(Id. ¶ 109.) Baron instituted the same manipulation
techniques it had used with the other securities. In 1994, a new group of
brokers joined Baron and began manipulating certain securities: Mammo,
Symbollon, Aqua, and Laser Video. (Id. ¶ 113.) These
brokers made misrepresentations to Baron customers such as telling one of
the plaintiffs here that Mammo's technologies and equipment were being
installed and tested at Sloan Kettering Institute. (Id. ¶
115.) The price of Innovir rose from $21/2 per share to $4 15/16
per share; soon after Baron's bankruptcy, the price returned to $2 per
share and is now virtually nothing. (Id. ¶ 245.) Voxel was another company whose initial offering Baron underwrote.
(Id. ¶ 118.) Baron hid or deceptively explained Voxel's
lack of revenue, high debts, and short-term cash needs. (Id.
¶ 119.) Baron's brokers used high-pressure sales tactics and
unauthorized purchases to inflate the price of Voxel shares as well.
Shares of Voxel common stock went from $17/8 per share to $83/16 per
share, until Baron's bankruptcy when the price collapsed. (Id.
The complaint describes the sale of Mammo shares as one of the most
blatant of Baron's fraudulent enterprises. According to the complaint,
the market for Mammo shares consisted entirely of Baron and its
affiliates. (Id. ¶ 175.) When the price of Mammo
dropped 40%, Baron created fictitious sales of 300,000 to 400,000 shares,
including unauthorized customer trades. (Id.) Two such trades
in 1995 involved the accounts of Diaward Steel Works Ltd. and Jose
Mugrabi, neither of whom are plaintiffs in this suit. (Id.
¶¶ 185-94.) In October 1995, Diaward sued Baron for fraud.
(Id. ¶ 212.)
Also in 1995, Baron underwrote an initial public offering of PaperClip,
obtaining subscriptions in excess of the maximum offering amount provided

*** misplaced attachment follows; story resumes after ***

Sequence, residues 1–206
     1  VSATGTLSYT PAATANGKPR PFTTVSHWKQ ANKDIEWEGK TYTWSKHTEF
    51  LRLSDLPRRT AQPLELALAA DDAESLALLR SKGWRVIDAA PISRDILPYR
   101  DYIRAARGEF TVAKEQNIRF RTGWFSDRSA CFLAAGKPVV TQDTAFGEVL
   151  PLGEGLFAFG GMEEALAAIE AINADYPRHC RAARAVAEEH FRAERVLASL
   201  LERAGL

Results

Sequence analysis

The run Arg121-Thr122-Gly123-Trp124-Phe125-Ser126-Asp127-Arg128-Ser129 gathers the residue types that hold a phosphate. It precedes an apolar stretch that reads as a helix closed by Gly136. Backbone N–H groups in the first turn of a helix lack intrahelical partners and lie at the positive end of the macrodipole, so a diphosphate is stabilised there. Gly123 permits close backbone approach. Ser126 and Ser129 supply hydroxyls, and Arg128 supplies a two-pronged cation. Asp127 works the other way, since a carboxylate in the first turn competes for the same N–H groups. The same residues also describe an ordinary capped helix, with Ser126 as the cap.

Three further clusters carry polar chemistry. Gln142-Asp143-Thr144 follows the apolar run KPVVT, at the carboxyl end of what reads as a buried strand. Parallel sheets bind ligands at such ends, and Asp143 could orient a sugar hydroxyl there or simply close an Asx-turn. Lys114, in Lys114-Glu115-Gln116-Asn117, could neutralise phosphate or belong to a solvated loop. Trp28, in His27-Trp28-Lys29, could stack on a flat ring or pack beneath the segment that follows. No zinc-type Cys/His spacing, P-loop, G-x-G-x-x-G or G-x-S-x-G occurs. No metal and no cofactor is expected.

for by the terms of the initial offering. (Id. ¶ 196.)
Baron used the investments beyond the maximum offering amount to support
the other securities it was manipulating. (Id. ¶ 196.)
Baron then used a "bait and switch" technique to procure investments from
customers, ostensibly for the PaperClip stock, that would be used to fund
other trades. (Id. ¶ 198.) Baron inflated the price of
PaperClip stock from $2.00 to a high of $113/8 per share. (Id.
Finally, Baron entered into a scheme in 1995 to purchase large
quantities of stock in Jockey Club at inflated prices and then resell
those shares to Baron customers. (Id. ¶ 233.) The Jockey
Club shares were, in reality, worth very little. (Id. ¶
234.) Baron either persuaded its customers to purchase the securities through misrepresentations and omissions,
or made unauthorized trades in customer accounts. (Id. ¶¶
C. Parties to this Action
Baron's widespread fraud is not contested. Baron is no longer in
business; its principals are currently incarcerated. Baron and some of
its senior executives are shielded from suit by bankruptcy proceedings.
At issue here, however, is Defendants' liability for defrauding
Plaintiffs, who were all Baron customers.
Plaintiffs all allege that they were defrauded into purchasing stocks
whose price was a result of Baron's manipulation. They further claim that
Defendants here are liable for their losses. To the extent relevant, the
Court discusses the Plaintiffs' individual allegations below.
To simplify the discussion, the Court has adopted the complaint's
grouping of Defendants. While Baron and some of its top executives are
not named in this suit, many of its employees are. Andrew Bressman,
Arthur Bressman, Richard Acosta, Glenn O'Hare, Joseph Scanni, Brett